c0nman56

2022-10-12

Behaviour of the function $\mathrm{ln}\left(1+{x}^{2}\right)$
Thus function has derivative equal to:
$\frac{2x}{1+{x}^{2}}$. This indicates that it will flatten out while approaching infinity, ie, should have an asymptote.
Yet, the function does not have any real limiting value at infinity.
To imvestigate further, I plotted the graph, which showed the asymptote/limiting value as 14.25 (you may check youtself if this is right)
What can the reason be for not getting a real limit from the function itself? Please explain keeping in mind that I am in the last year of high school.

cesantedz

You stumbled upon a classic counterexample to the "theorem"
$f:\mathbb{R}\to \mathbb{R}$ has an horizontal asymptote if and only if ${f}^{\prime }\left(x\right)\to 0$ as $x\to \mathrm{\infty }$
Now, your function $f\left(x\right)=\mathrm{log}\left(1+{x}^{2}\right)$ is a counterexample to the "$⇐$" implication, since $\underset{x\to \mathrm{\infty }}{lim}f\left(x\right)=+\mathrm{\infty }$. This can be shown by many means; but let's try with the definition, which is $\mathrm{\forall }\epsilon >0$ there exist a $\delta >0$ such that $|\mathrm{log}\left(1+{x}^{2}\right)|>\epsilon$ if $x>\delta$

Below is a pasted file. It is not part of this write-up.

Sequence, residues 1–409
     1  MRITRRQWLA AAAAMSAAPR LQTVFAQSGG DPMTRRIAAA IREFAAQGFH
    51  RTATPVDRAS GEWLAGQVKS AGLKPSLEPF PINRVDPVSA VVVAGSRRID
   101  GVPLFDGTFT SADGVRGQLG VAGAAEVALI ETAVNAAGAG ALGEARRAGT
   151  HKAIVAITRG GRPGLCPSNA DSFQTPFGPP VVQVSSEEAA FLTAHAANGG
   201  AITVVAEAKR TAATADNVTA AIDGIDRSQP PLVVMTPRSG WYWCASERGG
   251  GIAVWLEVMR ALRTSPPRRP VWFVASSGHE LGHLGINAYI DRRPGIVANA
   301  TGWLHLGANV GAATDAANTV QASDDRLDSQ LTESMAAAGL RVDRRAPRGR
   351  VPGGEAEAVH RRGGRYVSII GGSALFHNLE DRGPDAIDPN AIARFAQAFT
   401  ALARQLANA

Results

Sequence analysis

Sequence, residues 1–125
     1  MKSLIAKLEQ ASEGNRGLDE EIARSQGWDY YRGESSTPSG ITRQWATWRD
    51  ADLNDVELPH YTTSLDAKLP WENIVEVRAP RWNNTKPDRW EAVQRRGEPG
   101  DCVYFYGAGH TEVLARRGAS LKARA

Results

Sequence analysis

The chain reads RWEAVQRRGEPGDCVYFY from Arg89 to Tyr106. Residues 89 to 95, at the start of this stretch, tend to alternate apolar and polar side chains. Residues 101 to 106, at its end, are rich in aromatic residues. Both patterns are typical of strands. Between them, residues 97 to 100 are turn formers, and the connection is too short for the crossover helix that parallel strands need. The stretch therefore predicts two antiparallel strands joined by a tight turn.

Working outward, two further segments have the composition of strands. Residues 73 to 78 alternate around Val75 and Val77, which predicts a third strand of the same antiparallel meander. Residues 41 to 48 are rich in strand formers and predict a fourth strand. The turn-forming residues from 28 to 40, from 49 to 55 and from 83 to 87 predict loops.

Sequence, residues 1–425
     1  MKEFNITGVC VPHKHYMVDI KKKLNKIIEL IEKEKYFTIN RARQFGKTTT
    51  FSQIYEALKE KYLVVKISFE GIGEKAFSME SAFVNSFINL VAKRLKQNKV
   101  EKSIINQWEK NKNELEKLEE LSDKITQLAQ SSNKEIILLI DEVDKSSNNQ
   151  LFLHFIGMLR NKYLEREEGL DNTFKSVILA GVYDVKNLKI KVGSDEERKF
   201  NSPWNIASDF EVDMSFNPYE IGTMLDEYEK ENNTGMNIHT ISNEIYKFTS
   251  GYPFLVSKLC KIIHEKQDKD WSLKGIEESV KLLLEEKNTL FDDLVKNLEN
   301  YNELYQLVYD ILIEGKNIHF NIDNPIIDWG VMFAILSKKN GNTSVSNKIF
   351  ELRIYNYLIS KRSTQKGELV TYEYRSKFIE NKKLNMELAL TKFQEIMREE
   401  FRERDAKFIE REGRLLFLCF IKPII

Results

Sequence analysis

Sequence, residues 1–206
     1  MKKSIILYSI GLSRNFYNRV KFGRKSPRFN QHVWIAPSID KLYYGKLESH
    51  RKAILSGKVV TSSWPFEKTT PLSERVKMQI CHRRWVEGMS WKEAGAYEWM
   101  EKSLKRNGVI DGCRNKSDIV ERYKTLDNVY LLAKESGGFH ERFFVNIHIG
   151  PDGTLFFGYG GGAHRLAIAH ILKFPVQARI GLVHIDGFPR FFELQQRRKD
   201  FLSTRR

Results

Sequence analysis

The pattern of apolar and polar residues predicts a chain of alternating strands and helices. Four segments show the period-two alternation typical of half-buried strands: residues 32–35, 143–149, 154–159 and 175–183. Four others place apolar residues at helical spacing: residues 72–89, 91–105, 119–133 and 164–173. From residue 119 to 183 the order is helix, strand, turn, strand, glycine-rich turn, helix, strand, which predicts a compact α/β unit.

Now, $\mathrm{log}\left(1+{x}^{2}\right)>\epsilon$ means that ${x}^{2}>{e}^{\epsilon }-1$; so we only have to take $\delta =\sqrt{{e}^{\epsilon }-1}$ to see that if $x>\delta =\sqrt{{e}^{\epsilon }-1}$, then $\mathrm{log}\left(1+{x}^{2}\right)>\epsilon$
What about the other direction, "$⇒$"? Well, that is an actual theorem and we can prove it:
to have an horizontal asymptote means to have a finite limit at infinity. Let's now remember that the tangent to the graph of a function is the line $y=f\left({x}_{0}\right)+{f}^{\prime }\left({x}_{0}\right)\left(x-{x}_{0}\right)$; if $y=c$ is an horizontal asymptote for $f$, then it must be tangent to the graph of $f\left(x\right)$ "at infinity". So now $c=c+\underset{{x}_{0}\to \mathrm{\infty }}{lim}{f}^{\prime }\left({x}_{0}\right)\left(x-{x}_{0}\right)$, from which we conclude that $\underset{{x}_{0}\to \mathrm{\infty }}{lim}{f}^{\prime }\left({x}_{0}\right)=0$
edit: of course for all this to be true we must have that $\underset{x\to \mathrm{\infty }}{lim}{f}^{\prime }\left(x\right)$ must exist, otherwise we can't prove anything as a comment points out.

Tara Mayer

Short answer: Logarithms don't have horizontal asymptotes.
Long answer: the derivative becomes smaller as $x\to \mathrm{\infty }$, but it has no horizontal asymptote. The asymptote you thought you found, is not an asymptote since $\mathrm{ln}\left(1+{x}^{2}\right)=14.25$ has a solution (check it yourself).
A way to think of it is: logarithms and exponential functions are inverses of each other. If logarithms had had a horizontal asymptote, then exponential functions would have had a vertical asymptote, which they don't have.

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